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Data from: Effect of pollination strategy, phylogeny and distribution on pollination niches of Euro-Mediterranean orchids

Citation

Joffard, Nina et al. (2019), Data from: Effect of pollination strategy, phylogeny and distribution on pollination niches of Euro-Mediterranean orchids, Dryad, Dataset, https://doi.org/10.5061/dryad.58n11j4

Abstract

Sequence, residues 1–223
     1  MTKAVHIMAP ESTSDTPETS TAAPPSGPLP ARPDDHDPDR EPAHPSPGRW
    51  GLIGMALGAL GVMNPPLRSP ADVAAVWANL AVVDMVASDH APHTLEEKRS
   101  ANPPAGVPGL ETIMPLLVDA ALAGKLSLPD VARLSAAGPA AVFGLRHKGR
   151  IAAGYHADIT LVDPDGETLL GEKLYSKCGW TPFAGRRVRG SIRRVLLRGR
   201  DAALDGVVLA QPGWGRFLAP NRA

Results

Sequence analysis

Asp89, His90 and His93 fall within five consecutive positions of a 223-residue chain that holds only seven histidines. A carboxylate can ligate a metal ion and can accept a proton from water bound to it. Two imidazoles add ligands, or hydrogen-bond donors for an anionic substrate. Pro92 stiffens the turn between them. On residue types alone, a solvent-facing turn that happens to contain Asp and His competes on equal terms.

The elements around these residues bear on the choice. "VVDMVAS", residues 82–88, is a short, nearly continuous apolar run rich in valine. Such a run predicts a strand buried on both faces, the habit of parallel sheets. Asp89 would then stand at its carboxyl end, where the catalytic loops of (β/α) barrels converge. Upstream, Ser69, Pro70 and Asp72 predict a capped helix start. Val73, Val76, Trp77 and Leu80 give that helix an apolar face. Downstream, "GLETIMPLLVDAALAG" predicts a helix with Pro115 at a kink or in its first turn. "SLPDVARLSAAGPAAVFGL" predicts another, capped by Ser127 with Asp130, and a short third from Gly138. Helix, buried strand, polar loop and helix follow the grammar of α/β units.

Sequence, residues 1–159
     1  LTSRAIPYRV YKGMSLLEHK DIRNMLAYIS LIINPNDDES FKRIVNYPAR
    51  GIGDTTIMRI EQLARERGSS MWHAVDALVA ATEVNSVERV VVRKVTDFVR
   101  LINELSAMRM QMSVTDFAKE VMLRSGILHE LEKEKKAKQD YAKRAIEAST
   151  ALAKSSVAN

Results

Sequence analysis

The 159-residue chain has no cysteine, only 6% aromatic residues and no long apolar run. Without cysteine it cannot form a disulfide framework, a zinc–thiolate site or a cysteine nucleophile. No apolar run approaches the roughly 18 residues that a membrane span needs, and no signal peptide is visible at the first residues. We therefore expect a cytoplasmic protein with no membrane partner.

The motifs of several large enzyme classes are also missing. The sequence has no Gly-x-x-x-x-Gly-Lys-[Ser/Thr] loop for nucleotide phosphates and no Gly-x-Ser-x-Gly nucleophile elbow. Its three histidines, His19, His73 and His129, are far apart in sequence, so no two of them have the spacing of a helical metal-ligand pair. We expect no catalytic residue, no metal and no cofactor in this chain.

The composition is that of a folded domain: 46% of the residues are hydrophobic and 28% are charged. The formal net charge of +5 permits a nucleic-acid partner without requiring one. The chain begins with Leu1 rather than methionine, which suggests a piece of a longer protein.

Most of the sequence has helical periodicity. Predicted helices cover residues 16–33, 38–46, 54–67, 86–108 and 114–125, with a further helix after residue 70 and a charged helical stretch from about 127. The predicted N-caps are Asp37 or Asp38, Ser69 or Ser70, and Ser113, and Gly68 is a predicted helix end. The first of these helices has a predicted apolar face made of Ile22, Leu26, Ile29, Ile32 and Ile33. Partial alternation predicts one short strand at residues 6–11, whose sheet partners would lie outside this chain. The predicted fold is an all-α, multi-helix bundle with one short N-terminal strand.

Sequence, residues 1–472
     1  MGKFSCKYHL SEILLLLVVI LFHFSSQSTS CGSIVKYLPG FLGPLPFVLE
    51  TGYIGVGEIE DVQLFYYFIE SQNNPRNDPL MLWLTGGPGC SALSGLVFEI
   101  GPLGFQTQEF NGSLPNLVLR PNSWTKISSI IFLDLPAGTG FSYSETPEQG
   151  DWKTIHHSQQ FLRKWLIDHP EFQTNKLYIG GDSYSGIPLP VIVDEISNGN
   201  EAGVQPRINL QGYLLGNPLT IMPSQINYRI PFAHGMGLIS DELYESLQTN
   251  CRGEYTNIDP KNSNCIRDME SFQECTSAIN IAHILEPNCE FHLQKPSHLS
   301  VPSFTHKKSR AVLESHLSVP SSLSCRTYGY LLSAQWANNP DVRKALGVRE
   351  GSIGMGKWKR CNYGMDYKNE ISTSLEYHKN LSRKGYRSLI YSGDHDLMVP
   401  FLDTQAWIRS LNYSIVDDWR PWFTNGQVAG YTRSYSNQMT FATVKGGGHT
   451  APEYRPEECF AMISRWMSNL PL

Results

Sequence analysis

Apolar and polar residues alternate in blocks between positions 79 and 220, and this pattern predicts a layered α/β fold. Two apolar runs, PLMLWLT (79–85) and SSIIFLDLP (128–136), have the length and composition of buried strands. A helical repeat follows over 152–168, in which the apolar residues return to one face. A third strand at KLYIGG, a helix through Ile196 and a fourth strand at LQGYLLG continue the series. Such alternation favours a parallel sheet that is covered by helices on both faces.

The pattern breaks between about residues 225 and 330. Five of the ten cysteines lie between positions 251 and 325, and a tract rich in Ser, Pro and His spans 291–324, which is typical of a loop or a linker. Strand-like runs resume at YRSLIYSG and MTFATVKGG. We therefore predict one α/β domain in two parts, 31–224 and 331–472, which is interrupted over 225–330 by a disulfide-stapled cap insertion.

1. Pollination niches are important components of ecological niches and have played a major role in the diversification of Angiosperms. In this study, we focused on Euro-Mediterranean orchids, which use diverse pollination strategies and interact with various functional groups of insects. In these orchids, we investigated the determinants of pollination niche breadth and overlap by analysing the orchid-pollinator network and the factors that may have shaped it. 2. We constructed a database reporting 1278 interactions between 243 orchid and 773 pollinator species based on a thorough literature review. We then focused on 153 orchid species for which phylogenetic data were available. We used Bayesian phylogenetic mixed models to study the relationship between specialisation (as estimated by the degree and degree in the projected network), pollination strategy and breadths of orchids’ spatial and temporal distributions, while correcting for the effect of phylogenetic relationships among orchid species and sampling effort. We then used a singular value decomposition of the orchid-pollinator matrix combined to a redundancy and variation partitioning analyses to investigate the determinants of similarity in pollination niches between orchids. 3. Specialisation was higher in deceptive than in nectar-producing orchids and decreased with the breadth of orchids’ spatial distribution. When interactions were considered at the insect family level, similarity in pollination niches between orchids was solely explained by their pollination strategy and phylogeny. By contrast, when they were considered at the insect species level, this similarity was primarily explained by their geographical range and flowering time, although other factors had significant effects as well, with orchids using the same pollination strategy, being closely related and growing in the same habitats sharing more insect species than expected. 4. Synthesis. Specialisation in orchid-pollinator interactions depends on orchids’ pollination strategy and geographical range. The pool of insect families with which orchids interact depends on their pollination strategy and phylogeny, with consistent associations between some functional or phylogenetic groups of orchids and some families of pollinators. By contrast, the pool of insect species with which orchids interact depends on their spatio-temporal distribution, suggesting that at a finer scale, orchid-pollinator interactions are more opportunistic than previously thought.

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